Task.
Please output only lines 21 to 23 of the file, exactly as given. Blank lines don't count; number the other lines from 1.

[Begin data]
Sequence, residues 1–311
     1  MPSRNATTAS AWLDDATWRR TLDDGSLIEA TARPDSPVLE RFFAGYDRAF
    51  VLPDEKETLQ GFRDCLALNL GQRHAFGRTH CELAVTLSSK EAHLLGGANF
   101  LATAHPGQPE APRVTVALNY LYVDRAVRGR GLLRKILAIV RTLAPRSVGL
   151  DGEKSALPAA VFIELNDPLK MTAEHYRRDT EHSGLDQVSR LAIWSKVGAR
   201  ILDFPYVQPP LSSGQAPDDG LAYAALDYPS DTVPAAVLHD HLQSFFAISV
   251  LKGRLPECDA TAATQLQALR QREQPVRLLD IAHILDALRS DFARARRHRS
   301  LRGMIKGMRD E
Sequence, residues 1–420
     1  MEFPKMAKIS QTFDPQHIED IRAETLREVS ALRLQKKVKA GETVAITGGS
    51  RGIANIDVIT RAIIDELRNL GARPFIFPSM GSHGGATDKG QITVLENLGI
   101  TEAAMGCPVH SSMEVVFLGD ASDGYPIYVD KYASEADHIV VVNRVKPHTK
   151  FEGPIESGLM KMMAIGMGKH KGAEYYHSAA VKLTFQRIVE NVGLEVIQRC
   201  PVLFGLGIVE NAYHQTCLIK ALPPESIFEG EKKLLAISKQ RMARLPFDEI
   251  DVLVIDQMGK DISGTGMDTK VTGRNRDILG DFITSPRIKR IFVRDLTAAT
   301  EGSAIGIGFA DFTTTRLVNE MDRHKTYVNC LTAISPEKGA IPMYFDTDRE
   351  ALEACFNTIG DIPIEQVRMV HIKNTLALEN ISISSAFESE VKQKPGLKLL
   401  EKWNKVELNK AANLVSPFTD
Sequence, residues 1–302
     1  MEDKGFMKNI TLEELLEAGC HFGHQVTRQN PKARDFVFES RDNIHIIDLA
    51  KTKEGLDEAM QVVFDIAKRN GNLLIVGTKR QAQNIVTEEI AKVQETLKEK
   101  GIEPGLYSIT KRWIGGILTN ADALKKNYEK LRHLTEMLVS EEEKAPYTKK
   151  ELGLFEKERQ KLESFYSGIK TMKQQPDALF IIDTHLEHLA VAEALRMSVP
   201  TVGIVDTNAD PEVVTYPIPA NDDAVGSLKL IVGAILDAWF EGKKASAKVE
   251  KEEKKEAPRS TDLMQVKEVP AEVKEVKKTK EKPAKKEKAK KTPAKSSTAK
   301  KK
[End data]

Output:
    51  KTKEGLDEAM QVVFDIAKRN GNLLIVGTKR QAQNIVTEEI AKVQETLKEK
   101  GIEPGLYSIT KRWIGGILTN ADALKKNYEK LRHLTEMLVS EEEKAPYTKK
   151  ELGLFEKERQ KLESFYSGIK TMKQQPDALF IIDTHLEHLA VAEALRMSVP